While hosting a seminar isn’t a guaranteed success, the financial returns can be significant. Variables such as the venue, food and drink costs, insurance, and equipment can all increase the budget and narrow profit margins – so definitely keep a close eye on them – but hosts of large and successful seminars can charge $5000 or more per person and still sell out. (Here’s an example of one for $6K. If you have one-to-two day seminars you offer for $5K or more, let me know and I’ll list them here.)
Seminars are also great sales funnels that lead to wider revenue streams. In fact, this may be one of the greatest benefits of seminars that aren’t even intended primarily for marketing purposes. Satisfied attendees not only promote you through word of mouth, they can also buy your books, enroll in your online courses, or offer speaking engagements and other lucrative opportunities. Many business people attend seminars in order to network, and as the host, you’re in prime position to make valuable new contacts.
When a seminar isn’t a good idea
Despite the appeal of hosting a seminar, it isn’t for every edupreneur. While most subjects can be taught in a seminar session, some, such as knitting or crafting, are better demonstrated up close, either one-on-one or in small groups, or through video, where the watcher can clearly see each movement.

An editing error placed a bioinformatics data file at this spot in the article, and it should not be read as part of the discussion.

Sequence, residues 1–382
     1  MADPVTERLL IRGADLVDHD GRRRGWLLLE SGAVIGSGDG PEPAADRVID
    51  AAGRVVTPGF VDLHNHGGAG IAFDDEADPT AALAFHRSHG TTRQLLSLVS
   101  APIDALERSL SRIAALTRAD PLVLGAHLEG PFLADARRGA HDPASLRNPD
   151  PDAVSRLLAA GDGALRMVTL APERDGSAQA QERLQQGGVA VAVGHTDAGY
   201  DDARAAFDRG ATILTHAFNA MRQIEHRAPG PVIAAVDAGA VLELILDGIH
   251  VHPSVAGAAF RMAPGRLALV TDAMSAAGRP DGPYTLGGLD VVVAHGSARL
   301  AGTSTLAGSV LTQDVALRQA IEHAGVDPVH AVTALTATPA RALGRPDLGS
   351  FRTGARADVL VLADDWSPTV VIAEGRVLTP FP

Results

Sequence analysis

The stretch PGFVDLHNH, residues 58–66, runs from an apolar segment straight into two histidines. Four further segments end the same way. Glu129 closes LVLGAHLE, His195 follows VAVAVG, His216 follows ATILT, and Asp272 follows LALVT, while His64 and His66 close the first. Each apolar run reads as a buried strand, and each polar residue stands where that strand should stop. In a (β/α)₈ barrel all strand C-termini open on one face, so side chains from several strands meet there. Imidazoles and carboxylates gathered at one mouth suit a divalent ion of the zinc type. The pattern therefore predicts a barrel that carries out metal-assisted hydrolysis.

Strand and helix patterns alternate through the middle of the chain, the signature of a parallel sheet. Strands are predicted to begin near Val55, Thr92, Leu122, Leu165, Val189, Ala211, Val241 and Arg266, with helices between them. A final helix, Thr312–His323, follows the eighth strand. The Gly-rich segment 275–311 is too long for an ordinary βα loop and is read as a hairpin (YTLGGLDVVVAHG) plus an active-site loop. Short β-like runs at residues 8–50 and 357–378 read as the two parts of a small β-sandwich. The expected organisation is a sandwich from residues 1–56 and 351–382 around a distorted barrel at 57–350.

Seminars also require investment beyond the reach of limited budgets. Ticket costs, travel and accommodation, and even finding the time to take off work can be beyond the means of low-income learners. As such, you should bear your target audience in mind when planning a seminar. A course aimed at college students or single parents isn’t going to support a week-long commitment or four-figure entry fees.
You should also consider your own capabilities when planning a seminar. For example,
- Are you comfortable speaking in front of large crowds?
- Can you hold an audience’s attention, and think on your feet if something goes wrong?
- Do you want the responsibility of organizing an event for dozens, or even hundreds of people?
While many edupreneurs have in-person teaching experience, hosting a seminar is very different from controlling a classroom. If you’re more comfortable approaching your learners from behind a computer screen, to start hosting seminars might not be for you.
For those with the confidence, the abilities, and the right audience, seminars are an exciting way to expand your edupreneurial business and reputation.
Other posts in this series:
- How to start your own seminar business
- How to run a seminar on a budget
- How to take your seminar business online